Sleep cleanses the brain of toxins linked to Alzheimer’s
Research revealing that sleep cleanses the brain of toxins has been awarded a top prize in the advancement of science.
Scientists have long sought to establish the function of sleep, proposing that there must be a more essential function than the storing and consolidation of memories, considering an animal’s vulnerability during the sleep state. Sleep is also known to have a restorative effect on the human brain, and lack of sleep impairs brain function, but how does this occur?
Research that has revealed the main function of sleep as clearing toxins from the brain was recently awarded the 2014 Newcomb Cleveland Prize of the American Association for the Advancement of Science. This annual award recognises outstanding research published in the journal Science.
Led by Maiken Nedergaard, researchers at the University of Rochester’s Medical Center, in collaboration with Oregon Health and Science University, and New York University, have contributed significantly to the understanding of neurodegenerative diseases like Alzheimer’s that are linked to a build-up of cellular waste products such as the protein amyloid-beta.
Their paper, “Sleep Drives Metabolite Clearance from the Adult Brain”, suggests that during the wakeful state when the brain is processing information, there is insufficient energy to remove waste that accumulates from activity, so the cleansing occurs during sleep. Using in vivo two-photon imaging, researchers observed the influx of cerebral spinal fluid (CSF) into the cortex of awake, anaesthetised, and sleeping mice.
Researchers found that the glymphatic system, the brain’s own waste removal system identified in previous research by Nedergaard and colleagues, is more active during sleep. Cells in the brain contract, increasing the interstitial space by more than 60 percent and boosting the flow of CSF between cells to cleanse the brain of amyloid-beta and other toxins.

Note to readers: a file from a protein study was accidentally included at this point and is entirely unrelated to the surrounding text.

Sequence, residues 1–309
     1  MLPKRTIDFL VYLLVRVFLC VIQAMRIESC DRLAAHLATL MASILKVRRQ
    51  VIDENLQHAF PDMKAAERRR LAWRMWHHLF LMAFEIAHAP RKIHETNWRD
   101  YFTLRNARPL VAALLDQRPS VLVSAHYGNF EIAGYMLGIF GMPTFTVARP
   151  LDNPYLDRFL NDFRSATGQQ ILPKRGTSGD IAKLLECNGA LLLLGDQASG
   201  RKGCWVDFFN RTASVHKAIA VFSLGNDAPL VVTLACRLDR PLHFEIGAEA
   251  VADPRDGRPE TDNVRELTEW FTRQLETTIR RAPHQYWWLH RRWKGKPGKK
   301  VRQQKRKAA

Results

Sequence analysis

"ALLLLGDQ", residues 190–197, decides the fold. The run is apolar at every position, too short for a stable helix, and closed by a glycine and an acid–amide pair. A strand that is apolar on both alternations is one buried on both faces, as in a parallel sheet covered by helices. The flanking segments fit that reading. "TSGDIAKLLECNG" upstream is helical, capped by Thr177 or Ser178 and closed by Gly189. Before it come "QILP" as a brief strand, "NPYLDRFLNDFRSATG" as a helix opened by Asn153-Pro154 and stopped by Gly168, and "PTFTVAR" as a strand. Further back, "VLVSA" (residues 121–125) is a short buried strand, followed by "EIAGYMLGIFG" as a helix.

In light of this ground-breaking discovery, regular sleep patterns recommended by the National Sleep Foundation – 7 to 9 hours for adults aged 18 to 64 and 7 to 8 hours for over 65s – not only improve memory and mental health as other studies have shown, but may also reduce the risk of neurological diseases.
Xie, L., Kang, H., Xu, O., Chen, M. J., Liao, Y., Thiyagarajan, M., O’Donnell, J., Christensen, D. J., Nicholson, C., Iliff, J. J., Takano, T., Deane, R., & Nedergaard, M. (2013). Sleep Drives Metabolite Clearance from the Adult Brain. Science, 342 (6156), 373-377.
University of Rochester Medical Center Newsroom (2015, February). Study that Shows How Brain Cleans Itself While We Sleep Honored by AAAS. Retrieved from: http://www.urmc.rochester.edu/news/story/index.cfm?id=4254
University of Rochester Medical Center Newsroom (2013, October). To Sleep, Perchance to Clean. http://www.urmc.rochester.edu/news/story/index.cfm?id=3956
Pinol, N. D. (2015, February). Paper on Sleep’s Restorative Effects Wins 2014 AAAS Newcomb Cleveland Prize.http://www.aaas.org/news/paper-sleeps-restorative-effects-wins-2014-aaas-newcomb-cleveland-prize
National Sleep Foundation. (2015, February 2). Expert panel recommends new sleep durations. ScienceDaily. Retrieved February 24, 2015 from www.sciencedaily.com/releases/2015/02/150202123716.htm
Image credit: www.talkaboutsleep.com
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